Among the strongest reprimands -- and the most outrageous corruption -- detailed in the documents are the cases involving two provincial police chiefs who were removed.
Brig. Gen. Adil Molan Ghaidan, the former Diyala province police chief, was accused of drinking on the job, illegally confiscating real estate from citizens, knowingly paying ghost employees and harboring suspected terrorists. He was removed from the force about six months ago, police sources say.
Before his removal several months ago, Maj. Gen. Ahmad Mohammed Aljiboori, the former Nineveh province police chief, allegedly assigned a private army of 1,400 officers to personal security detail. According to an internal inquiry, Aljiboori claimed the force was not under the Interior Ministry's control.
The document also accuses Aljiboori of detaining 300 Iraqis for two months without charges, wasting thousands of dollars on extravagant banquets and neglecting antiterrorism efforts to focus on arresting car dealers. The document says Aljiboori confiscated most of the cars for personal gain and gave some of them away to friends as gifts.
U.S. officials say they have known about Interior Ministry abuses for years but have done little to thwart them, choosing instead to push Iraqi leaders to solve their own problems.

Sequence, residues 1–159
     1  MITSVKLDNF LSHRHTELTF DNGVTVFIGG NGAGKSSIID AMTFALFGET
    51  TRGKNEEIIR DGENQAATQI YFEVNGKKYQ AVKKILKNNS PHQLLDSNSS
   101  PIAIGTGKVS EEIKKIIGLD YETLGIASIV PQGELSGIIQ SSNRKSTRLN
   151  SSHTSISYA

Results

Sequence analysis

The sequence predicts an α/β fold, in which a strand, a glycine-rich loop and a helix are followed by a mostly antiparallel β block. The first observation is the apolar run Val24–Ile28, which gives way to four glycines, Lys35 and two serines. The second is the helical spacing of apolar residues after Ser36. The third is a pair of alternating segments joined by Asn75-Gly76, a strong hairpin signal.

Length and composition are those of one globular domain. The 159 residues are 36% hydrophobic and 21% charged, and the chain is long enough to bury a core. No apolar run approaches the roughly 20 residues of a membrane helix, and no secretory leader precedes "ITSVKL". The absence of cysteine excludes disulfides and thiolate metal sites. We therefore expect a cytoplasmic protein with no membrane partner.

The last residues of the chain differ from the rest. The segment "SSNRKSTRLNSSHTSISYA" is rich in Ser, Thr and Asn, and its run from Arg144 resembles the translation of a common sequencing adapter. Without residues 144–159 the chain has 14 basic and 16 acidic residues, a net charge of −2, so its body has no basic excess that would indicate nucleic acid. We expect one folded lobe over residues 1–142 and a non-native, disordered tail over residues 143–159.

"The military had been at the bunker prior to the raid in November," said the U.S. official, referring to the Jadiriya facility. "But they said nothing."
Some U.S. military leaders want American officials to have a stronger hand with the Interior Ministry, arguing that continuing corruption and militia influence are dashing any hope for a speedy American withdrawal.
Another senior military official said U.S. policy in regard to the ministry was confused and disengaged. The official, who asked not to be identified because his comments impugned his superiors, said the Pentagon and State Department had failed to coordinate their efforts and were disengaged from the Iraqi police leaders.
"They sit up there on the 11th floor of the ministry building and don't talk to the Iraqis," the official said of U.S. police trainers assigned to the Interior Ministry headquarters tower. "They say they do policy and [that] it's up to the Iraqis -- well, they're just doing nothing. The MOI is the most broken ministry in Iraq."